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Conway Donuts

Review No. 161: Conway Donuts

1311 Harkrider Street

(501) 499-9841

73.7 percent finished reviewing Conway restaurants

 

The Situation

He Said: It was a Sunday morning and we’d been running ourselves ragged for the past couple of days and She Said reminded me we needed to review a restaurant yet this week. So that meant sometime today we needed to get out of the house and eat something, and I began to grumble. But wait, says She Said, near the top of our list of unreviewed Conway food establishments is a little doughnut shop on Harkrider, so “Sure,” I say, “why don’t you go get those doughnuts?” And she did.

She Said: I put on my new Athleta pants and a t-shirt and off I went to the cute little shop I’d noticed recently. Normally, I follow a 16-8 fasting regimen, in which I don’t eat between 7 p.m. and 11 a.m., but with all the busyness lately, I’d fallen off that a bit. I was hungry and it was time for fresh doughnuts, fasting be danged!

 

Ambience:

He Said: I have nothing to say about this, since I was actually walking a dog when the doughnuts were picked up.

She Said: The shop is bright and sunny, with a few tables and bar seating facing out of the large front windows. I would sit in here and nurse coffee and doughnuts, but for today, I whisked them right on home.

 

Drinks

He Said:We got no drinks to go along with the doughnuts. I couldn’t even tell you whether they have drinks there at Conway Donuts—since, as I may have mentioned, I was not there.

She Said:Of course, they offer coffee, as well as soft drinks, but I was needing some of my strong, homemade espresso that day, so I skipped it, homing in on the main attraction!

 

Food

He Said: She Said returned to the house with half-a-dozen doughnuts, and I trust that she got a reasonable variety, though I noticed that three of them were chocolate in some form or other, and I assumed those must be for me. I had one as a kind of pre-breakfast treat, one basically as lunch, and a third as dessert after dinner.

She Said claims that she got me a chocolate glazed doughnut. I say for the record here that none of these three was a chocolate glazed doughnut. This suggests one of three possibilities to me: one, that there was a slot in the doughnut shop that said “chocolate glazed doughnuts” that in fact contained regular chocolate doughnuts without any glaze; two, that the clerk thought she said a chocolate doughnut anda glazed doughnut and gave her one of each; or three, that the clerk made a mistake and grabbed a regular chocolate doughnut instead of a glazed one. However it is to be explained, suffice it to say that I was disappointed. It was a regular chocolate doughnut with a fairly thin layer of chocolate frosting and nothing much to recommend it other than that. The same was really true of the chocolate cake doughnut and the chocolate doughnut with sprinkles. They weren’t terrible doughnuts, but they were pretty bland.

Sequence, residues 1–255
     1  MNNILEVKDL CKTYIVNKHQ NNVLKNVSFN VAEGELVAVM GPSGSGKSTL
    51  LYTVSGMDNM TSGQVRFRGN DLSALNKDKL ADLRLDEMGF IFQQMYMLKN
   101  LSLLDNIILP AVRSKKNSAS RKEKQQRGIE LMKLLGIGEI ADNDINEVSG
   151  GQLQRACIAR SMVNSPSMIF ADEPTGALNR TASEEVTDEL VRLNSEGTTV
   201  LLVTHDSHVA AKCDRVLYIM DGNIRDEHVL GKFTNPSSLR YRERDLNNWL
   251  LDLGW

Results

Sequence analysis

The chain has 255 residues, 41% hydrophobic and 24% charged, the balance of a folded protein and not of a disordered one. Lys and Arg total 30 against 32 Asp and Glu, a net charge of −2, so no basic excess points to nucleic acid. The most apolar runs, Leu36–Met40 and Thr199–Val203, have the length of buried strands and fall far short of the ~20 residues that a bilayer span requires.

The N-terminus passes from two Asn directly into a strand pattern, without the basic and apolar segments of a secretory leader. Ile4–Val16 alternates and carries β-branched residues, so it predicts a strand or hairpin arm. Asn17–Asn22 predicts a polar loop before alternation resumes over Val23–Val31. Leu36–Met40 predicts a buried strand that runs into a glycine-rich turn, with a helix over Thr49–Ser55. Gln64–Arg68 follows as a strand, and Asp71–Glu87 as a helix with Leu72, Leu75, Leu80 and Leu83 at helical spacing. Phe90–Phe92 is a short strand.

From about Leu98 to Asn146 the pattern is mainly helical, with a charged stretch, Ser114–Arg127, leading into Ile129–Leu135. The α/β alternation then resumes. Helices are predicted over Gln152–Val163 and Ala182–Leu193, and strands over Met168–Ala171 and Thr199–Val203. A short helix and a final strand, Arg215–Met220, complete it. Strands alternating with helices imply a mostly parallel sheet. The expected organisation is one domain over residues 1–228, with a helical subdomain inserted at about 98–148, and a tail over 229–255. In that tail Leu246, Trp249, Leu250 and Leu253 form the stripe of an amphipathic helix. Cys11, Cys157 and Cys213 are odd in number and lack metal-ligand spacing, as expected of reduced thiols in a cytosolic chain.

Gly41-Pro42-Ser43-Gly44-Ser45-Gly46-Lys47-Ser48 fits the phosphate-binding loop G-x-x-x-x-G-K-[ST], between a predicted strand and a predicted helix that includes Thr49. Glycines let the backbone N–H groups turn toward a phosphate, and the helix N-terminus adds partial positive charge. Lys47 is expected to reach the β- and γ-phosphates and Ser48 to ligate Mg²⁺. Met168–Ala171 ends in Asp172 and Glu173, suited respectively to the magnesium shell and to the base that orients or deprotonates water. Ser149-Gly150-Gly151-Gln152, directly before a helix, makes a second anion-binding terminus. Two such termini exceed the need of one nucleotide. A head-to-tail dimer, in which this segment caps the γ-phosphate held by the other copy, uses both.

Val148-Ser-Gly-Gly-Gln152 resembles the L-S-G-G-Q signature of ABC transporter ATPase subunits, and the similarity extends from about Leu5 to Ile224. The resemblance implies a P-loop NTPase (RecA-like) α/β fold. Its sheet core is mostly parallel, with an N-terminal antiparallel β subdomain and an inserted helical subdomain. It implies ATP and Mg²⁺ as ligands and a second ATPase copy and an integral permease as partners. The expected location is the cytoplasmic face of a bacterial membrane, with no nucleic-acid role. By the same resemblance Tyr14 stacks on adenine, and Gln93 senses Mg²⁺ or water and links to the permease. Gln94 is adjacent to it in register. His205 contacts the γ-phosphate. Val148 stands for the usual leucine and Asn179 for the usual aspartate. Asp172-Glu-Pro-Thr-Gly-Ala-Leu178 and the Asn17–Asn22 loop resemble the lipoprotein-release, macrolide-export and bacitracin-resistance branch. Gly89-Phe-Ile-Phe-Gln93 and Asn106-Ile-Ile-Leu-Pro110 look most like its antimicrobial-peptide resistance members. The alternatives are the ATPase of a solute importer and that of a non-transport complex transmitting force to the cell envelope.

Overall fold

And by the way, why do people spell doughnuts like “Donut”? Dough is spelled with a gh. “Do” means to perform an action, like “I do,” “you do,” “she does.” Is it “Do nuts or don’t do nuts?” What’s up with that?

But I digress.

She Said: Here at Eat It, Conway! we spell it “doughnuts” and that’s that!

I can’t attest to the glaze, though I thought it was a chocolate glazed doughnut. For my side of the box, I chose a blueberry cake doughnut, a twist and an apple fritter, which I ate in that order, though unlike He Said, I didn’t spread mine out quite so much: I ate the blueberry right away, and then made another cup of espresso and sampled half of each other’s. I finished the fritter while I was making a much healthier supper (stir-fried veggie rice noodles with vinegar and salt tofu).